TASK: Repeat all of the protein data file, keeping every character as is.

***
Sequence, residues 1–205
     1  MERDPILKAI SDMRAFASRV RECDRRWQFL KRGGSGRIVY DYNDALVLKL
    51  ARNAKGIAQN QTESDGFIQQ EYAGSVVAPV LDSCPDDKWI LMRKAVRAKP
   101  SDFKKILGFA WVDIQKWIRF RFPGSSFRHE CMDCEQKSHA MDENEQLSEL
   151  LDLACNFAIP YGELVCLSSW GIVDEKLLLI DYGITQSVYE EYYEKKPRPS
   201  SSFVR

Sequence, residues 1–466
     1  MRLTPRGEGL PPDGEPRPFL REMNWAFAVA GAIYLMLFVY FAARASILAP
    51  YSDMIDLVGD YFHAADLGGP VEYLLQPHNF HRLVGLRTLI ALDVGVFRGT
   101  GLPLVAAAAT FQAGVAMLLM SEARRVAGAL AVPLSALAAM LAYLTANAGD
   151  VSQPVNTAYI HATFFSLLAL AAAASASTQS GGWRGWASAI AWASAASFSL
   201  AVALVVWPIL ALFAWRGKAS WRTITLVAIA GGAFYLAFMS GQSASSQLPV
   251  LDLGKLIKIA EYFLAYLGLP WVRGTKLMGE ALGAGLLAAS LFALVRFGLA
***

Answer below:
Sequence, residues 1–205
     1  MERDPILKAI SDMRAFASRV RECDRRWQFL KRGGSGRIVY DYNDALVLKL
    51  ARNAKGIAQN QTESDGFIQQ EYAGSVVAPV LDSCPDDKWI LMRKAVRAKP
   101  SDFKKILGFA WVDIQKWIRF RFPGSSFRHE CMDCEQKSHA MDENEQLSEL
   151  LDLACNFAIP YGELVCLSSW GIVDEKLLLI DYGITQSVYE EYYEKKPRPS
   201  SSFVR

Sequence, residues 1–466
     1  MRLTPRGEGL PPDGEPRPFL REMNWAFAVA GAIYLMLFVY FAARASILAP
    51  YSDMIDLVGD YFHAADLGGP VEYLLQPHNF HRLVGLRTLI ALDVGVFRGT
   101  GLPLVAAAAT FQAGVAMLLM SEARRVAGAL AVPLSALAAM LAYLTANAGD
   151  VSQPVNTAYI HATFFSLLAL AAAASASTQS GGWRGWASAI AWASAASFSL
   201  AVALVVWPIL ALFAWRGKAS WRTITLVAIA GGAFYLAFMS GQSASSQLPV
   251  LDLGKLIKIA EYFLAYLGLP WVRGTKLMGE ALGAGLLAAS LFALVRFGLA